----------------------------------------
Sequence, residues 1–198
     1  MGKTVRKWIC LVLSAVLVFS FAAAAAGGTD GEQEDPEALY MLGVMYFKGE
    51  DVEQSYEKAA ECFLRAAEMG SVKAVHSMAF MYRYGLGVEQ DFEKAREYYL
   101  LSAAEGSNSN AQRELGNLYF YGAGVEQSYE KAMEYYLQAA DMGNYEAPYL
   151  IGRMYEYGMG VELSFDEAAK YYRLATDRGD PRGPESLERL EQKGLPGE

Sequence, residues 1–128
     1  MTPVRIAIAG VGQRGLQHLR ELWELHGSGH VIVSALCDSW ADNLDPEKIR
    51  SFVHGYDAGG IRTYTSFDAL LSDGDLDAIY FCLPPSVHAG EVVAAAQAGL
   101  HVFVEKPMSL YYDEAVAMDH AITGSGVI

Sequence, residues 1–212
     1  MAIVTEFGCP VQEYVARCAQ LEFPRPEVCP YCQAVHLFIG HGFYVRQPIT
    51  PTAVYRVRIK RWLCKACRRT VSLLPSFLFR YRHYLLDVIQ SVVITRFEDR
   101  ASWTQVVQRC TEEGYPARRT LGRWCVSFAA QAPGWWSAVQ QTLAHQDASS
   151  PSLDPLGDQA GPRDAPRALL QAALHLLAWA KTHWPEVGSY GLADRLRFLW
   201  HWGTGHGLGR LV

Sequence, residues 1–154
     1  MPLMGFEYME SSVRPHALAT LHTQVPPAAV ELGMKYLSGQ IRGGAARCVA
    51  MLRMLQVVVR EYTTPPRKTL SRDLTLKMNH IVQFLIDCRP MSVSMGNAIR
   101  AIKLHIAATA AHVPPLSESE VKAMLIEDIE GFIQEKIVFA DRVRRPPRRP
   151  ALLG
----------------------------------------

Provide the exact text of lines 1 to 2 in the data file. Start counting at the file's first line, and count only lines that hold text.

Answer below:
Sequence, residues 1–198
     1  MGKTVRKWIC LVLSAVLVFS FAAAAAGGTD GEQEDPEALY MLGVMYFKGE